What’s the big local election issue? It’s all a load of sewage

Britain: “one of the most effluent nations in the world” as Dr Louise Raw put it when she tweeted this image.

I just found this on Twitter:

The BBC seems to agree:

Two weeks before voters in parts of England and in Northern Ireland go to the polls to choose new councillors, those in office are swimming against a tide of public anger at water companies dumping untreated, raw sewage.

Most waste water travels to sewage works to be treated but under “exceptional circumstances”, companies are allowed to pump the excess into the sea and rivers to prevent homes and roads being flooded with it.

However, EA figures show this is not occasional. Last year, sewage was pumped into England’s waterways for a total of 1.75 million hours – 825 times a day on average.

Conservative MPs and Tory-run councils in rural and coastal communities have felt the ire of people who have encountered evidence of sewage while out with their children, walking their dogs, or swimming.

Beaches by holiday resorts have repeatedly been contaminated and last September, people were advised not to swim at six beaches in Sussex when sewage was released into the sea.

Anger has also been stoked on social media since left-wing site EvolvePolitics listed 265 Conservative MPs who voted “to allow” water companies to carry on dumping sewage – blocking a Labour amendment to the Environment Bill which would have placed a legal duty on firms to phase out the practice.

These days, storm overflow and sewage figures are perhaps as closely watched as GDP and NHS waiting lists at the headquarters of the UK’s political parties – and the issue looks set to roll on into the next general election campaign.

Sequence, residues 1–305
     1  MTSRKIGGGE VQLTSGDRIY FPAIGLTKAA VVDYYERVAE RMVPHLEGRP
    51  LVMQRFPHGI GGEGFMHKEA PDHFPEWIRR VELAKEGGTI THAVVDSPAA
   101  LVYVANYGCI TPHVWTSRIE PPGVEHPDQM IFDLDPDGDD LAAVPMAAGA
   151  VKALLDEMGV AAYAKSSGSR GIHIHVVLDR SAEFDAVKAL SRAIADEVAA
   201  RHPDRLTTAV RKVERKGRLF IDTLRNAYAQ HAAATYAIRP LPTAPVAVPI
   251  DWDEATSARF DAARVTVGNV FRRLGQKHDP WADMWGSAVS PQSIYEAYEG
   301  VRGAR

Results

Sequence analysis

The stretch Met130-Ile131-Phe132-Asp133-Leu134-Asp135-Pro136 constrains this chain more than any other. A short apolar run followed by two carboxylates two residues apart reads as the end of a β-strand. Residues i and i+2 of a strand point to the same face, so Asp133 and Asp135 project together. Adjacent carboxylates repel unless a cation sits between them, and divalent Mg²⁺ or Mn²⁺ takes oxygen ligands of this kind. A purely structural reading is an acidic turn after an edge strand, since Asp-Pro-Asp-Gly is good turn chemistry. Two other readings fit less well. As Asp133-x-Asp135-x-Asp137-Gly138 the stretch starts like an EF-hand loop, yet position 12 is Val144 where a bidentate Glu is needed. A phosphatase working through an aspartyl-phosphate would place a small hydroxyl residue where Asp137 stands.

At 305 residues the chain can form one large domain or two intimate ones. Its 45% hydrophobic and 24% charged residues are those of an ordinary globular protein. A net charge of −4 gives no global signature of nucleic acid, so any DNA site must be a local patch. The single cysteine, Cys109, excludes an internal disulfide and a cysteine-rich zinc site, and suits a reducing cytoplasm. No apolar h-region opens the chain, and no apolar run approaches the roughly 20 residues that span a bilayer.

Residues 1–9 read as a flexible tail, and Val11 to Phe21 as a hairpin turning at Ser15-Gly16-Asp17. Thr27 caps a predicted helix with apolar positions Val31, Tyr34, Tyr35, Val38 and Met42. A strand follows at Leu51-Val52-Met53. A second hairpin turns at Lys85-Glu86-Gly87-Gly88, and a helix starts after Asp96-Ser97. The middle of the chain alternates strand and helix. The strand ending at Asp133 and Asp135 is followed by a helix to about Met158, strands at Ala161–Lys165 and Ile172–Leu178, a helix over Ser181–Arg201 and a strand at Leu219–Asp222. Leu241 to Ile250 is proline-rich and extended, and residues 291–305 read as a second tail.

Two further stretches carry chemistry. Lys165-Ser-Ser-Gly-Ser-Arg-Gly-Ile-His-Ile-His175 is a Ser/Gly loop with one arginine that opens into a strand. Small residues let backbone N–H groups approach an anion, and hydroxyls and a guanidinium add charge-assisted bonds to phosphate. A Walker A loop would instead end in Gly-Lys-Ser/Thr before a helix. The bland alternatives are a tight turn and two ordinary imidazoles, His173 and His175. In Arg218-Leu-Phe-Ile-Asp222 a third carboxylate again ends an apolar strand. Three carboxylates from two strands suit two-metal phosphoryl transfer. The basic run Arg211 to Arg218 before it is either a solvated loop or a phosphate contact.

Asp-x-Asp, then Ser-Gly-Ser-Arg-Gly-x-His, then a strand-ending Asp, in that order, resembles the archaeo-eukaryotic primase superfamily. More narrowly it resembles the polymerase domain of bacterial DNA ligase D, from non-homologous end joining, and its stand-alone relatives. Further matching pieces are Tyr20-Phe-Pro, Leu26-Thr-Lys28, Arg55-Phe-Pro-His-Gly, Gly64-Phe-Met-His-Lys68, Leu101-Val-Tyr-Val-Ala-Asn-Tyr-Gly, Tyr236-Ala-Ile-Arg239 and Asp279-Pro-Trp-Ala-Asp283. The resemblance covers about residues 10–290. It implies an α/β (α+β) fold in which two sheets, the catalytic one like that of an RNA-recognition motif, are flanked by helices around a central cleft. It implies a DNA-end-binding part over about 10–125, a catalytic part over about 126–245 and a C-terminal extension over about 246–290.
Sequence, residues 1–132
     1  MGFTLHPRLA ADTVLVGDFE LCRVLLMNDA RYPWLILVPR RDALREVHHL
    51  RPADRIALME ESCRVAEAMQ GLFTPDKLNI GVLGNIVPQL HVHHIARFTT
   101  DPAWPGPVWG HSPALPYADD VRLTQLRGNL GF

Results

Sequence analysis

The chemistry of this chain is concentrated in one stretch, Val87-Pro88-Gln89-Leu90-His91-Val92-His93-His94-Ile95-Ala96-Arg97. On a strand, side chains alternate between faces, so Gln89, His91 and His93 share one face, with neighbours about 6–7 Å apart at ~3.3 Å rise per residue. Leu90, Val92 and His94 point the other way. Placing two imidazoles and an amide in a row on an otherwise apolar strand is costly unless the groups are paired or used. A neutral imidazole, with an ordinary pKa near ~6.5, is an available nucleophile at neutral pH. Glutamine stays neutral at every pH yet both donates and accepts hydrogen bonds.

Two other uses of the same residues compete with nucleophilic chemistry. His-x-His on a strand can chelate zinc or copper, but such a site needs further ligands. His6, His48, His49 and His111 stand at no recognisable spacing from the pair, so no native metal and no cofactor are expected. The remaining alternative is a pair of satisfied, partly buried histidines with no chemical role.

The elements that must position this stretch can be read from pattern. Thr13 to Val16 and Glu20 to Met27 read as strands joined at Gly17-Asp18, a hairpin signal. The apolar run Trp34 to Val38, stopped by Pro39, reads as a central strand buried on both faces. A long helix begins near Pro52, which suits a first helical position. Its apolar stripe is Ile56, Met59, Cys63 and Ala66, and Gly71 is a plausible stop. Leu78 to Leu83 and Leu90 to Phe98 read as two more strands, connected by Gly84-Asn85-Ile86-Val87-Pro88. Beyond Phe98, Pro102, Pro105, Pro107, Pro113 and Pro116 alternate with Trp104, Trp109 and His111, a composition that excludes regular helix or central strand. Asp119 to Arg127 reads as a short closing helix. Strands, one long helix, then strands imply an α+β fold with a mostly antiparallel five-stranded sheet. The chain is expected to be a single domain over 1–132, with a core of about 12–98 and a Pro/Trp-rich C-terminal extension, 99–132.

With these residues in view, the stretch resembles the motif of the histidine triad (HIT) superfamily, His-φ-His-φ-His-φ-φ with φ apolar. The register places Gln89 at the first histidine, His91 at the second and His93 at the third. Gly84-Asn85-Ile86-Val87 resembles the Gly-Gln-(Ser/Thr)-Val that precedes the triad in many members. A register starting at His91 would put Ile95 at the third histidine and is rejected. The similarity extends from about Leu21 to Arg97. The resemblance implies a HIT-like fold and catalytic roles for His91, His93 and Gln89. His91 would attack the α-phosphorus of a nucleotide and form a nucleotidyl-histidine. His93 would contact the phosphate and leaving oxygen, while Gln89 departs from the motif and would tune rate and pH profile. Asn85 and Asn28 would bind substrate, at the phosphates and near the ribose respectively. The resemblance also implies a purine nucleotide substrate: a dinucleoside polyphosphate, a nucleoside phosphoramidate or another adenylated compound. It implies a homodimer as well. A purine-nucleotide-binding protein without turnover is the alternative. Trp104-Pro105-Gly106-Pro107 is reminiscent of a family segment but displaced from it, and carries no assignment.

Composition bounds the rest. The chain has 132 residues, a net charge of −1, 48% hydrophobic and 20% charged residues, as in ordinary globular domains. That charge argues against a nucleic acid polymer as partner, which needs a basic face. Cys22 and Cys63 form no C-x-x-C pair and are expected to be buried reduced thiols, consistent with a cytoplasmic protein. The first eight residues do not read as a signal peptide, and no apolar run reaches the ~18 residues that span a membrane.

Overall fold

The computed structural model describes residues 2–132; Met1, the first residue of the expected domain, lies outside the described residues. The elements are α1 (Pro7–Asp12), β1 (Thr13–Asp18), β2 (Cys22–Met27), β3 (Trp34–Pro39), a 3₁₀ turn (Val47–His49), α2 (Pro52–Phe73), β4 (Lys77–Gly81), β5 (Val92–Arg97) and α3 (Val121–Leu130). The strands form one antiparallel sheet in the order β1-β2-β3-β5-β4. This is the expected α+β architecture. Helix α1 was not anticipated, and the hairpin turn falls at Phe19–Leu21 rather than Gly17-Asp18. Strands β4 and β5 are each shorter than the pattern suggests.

Very well, then. I shall continue publishing articles about it that highlight what’s going on.

Here’s something you should know, for example:

There’s more:

There will be more – much more – sewage to follow.

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2 thoughts on “What’s the big local election issue? It’s all a load of sewage

  1. Dez

    Those Water companies that are held to account and fined millions of pounds is this fine just added to their overheads and diminish any useful projects that would help make discharges less frequent. Do the directors in charge of those regional companies that are fined heavily do they still get lucrative bonus pay outs for their failings or for saving huge amount of processing costs by just dumping cheaply into the sea and river courses? I lean towards nationalising all privatised Water Companies however it is this same Government that was promoting the use of Fluoride in the public water supplies what else would they do if taking over the entire water systems I dread to think. Flush out all Greens and closet Globalists from all council elections all joined at the NWO hip and working for their dreaded 15 minute Ghettoes digital prisons.

  2. Dave Rowlands

    It must be cheaper to pay the fines than dispose of the sewage correctly. If a company is fined then all bonuses should go towards paying the amount of the fines.

Comments are closed.